Monday, June 29, 2009

"The last thing one discovers in composing a work is what to put first." T.S. Eliot

I must confess that, having wrestled with language for the new website a good part of today, I must agree with T.S. Eliot.

Writing is one of my greatest joys because I always learn more from it. Over-writing, then coming to find the essence, is a completely satisfactory discipline, and includes arguing with myself as I go.

I believe it's Thoreau who said "the best way out is always through."

Sunday, June 28, 2009

"If I could tell the story in words, I wouldn't need to lug around a camera". ~Lewis Hine

Apologies for borrowing the quote from the great social photographer Lewis Hine, but it is true. To create a website that will show people what the new company does, we need to reassure visitors about the principal of the company, myself. So my good friend Suzie came to take pictures of me yesterday at the office. They'll be added to a small group of other photos to use on the website, along with photos to remind us of some of the risks that the new business is designed to address.

Friday, June 26, 2009

Tally ho!

I'm picking my walking back up tomorrow morning. The business launch is moving along very smoothly, thanks to my ace research associate, Lauren. I have coined a new phrase -- that of an issue being an "LP," meaning "it's a problem for Lauren to handle."

I'm happy to report that my stress test yesterday turned out to be extremely normal. The medical folks predicted how long I would have to walk on the treadmill to get my heart rate up to a certain range based on demographics, and I kicked that average out the door. It took three minutes longer than the average for me to get my heart rate to that level, and then to take it on past the end of the range for average. Everything on both the test and the echogram were completely normal.

Doing that well made me miss my trainer. Once things settle a bit more, I'll look into either a gym or a yoga class. Walking to and from the office should also be possible once I finish shuttling my files from the home office.

Penny runs tomorrow in the Seattle Rock 'n' Roll Half Marathon. She set this as a goal for herself back when it was still snowing. The whole team is very proud of her. Please join me in sending her all good karma among those 25,000 moving bodies.

Tuesday, June 23, 2009


Tracy came to check out our office today, and to have lunch. I thought it would be a good idea to get a photograph or two of her with her hair. (The one used on Facebook and the one on her 3Day donation site both show her bald, at a different time in her life.)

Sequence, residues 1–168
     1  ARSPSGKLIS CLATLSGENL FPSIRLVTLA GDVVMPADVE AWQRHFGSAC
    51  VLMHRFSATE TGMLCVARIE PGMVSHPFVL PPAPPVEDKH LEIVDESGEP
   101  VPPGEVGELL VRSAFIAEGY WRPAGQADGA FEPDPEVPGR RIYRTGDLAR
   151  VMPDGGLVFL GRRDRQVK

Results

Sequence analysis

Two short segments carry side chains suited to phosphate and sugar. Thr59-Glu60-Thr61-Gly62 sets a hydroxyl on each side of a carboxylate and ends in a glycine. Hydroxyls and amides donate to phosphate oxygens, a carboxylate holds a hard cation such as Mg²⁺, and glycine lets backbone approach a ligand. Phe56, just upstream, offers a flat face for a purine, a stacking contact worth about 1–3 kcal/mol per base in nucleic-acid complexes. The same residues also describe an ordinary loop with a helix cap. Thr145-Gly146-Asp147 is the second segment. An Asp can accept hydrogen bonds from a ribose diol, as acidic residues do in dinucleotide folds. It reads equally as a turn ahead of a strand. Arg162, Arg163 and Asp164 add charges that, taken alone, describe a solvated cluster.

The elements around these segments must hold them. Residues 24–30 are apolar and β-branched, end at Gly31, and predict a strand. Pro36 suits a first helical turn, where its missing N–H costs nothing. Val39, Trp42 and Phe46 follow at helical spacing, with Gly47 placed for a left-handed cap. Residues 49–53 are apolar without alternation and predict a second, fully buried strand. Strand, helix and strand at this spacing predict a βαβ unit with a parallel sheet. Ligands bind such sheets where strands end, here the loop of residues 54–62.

For all of our talking about taking time off, we both find ourselves with real business and new companies. It's great to spend even an hour catching up and sharing war stories. We're planning to start a monthly lunch group of small business owners.

Sunday, June 21, 2009

It's getting there...

The blinds got installed here at the office yesterday. They make a big difference and, since they are in, I have started to move in photographs and drawings.

These photos are for my son James, watching the evolution of the office from Pittsburgh. He knows each of these photographs well. Above, the new compact Samsung printer/fax/scanner on the table, and a photograph of WaMu Center shot from a helicopter by David Hume Kennerly. It was a gift to me for being part of the WaMu Center Design Committee.

The photo above is of the Detroit train station; and below of the Wall Street Exchange in 2005. Both photos are by Weston Jandacka. The flash seems to be inevitable today, sorry.

I'll keep documenting the space for those in other cities. I am holding off choosing a large work for near the conference table until it arrives. I haven't decided what size rug or where it will go for the office either. Both these decisions will be easier after living in the space a bit longer.

Dr. James Harrison Sowers, my father.

My dad was called "Doc" by nearly everyone who knew him. He grew up in a well to do family in the south central part of Iowa, and went to both prep school and college at the University of Iowa. He played end for the Hawkeyes, then later semi-pro baseball. He became a dentist, but never lost his keen interest in either sports or politics. He served in the U.S. Army Dental Corps in World War I.

Doc's first wife Helen died of a brain aneurism. He'd been married to her for nearly 25 years. When he courted and then married my mother, he was in his mid-50s and he had used up most of his money taking care of his first wife after she fell ill. In his dental practice, he always took care of those who needed care, whether they could pay or not.